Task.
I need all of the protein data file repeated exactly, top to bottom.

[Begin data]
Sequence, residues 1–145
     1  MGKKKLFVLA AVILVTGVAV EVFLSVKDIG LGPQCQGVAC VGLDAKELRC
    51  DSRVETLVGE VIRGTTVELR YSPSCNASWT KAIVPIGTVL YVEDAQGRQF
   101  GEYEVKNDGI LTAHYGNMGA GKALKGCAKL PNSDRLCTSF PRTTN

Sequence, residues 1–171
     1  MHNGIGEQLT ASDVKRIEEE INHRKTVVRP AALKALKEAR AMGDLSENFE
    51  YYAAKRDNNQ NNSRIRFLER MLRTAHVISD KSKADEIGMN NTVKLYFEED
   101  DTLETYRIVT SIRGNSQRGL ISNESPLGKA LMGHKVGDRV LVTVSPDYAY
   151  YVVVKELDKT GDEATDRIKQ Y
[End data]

Sequence, residues 1–145
     1  MGKKKLFVLA AVILVTGVAV EVFLSVKDIG LGPQCQGVAC VGLDAKELRC
    51  DSRVETLVGE VIRGTTVELR YSPSCNASWT KAIVPIGTVL YVEDAQGRQF
   101  GEYEVKNDGI LTAHYGNMGA GKALKGCAKL PNSDRLCTSF PRTTN

Sequence, residues 1–171
     1  MHNGIGEQLT ASDVKRIEEE INHRKTVVRP AALKALKEAR AMGDLSENFE
    51  YYAAKRDNNQ NNSRIRFLER MLRTAHVISD KSKADEIGMN NTVKLYFEED
   101  DTLETYRIVT SIRGNSQRGL ISNESPLGKA LMGHKVGDRV LVTVSPDYAY
   151  YVVVKELDKT GDEATDRIKQ Y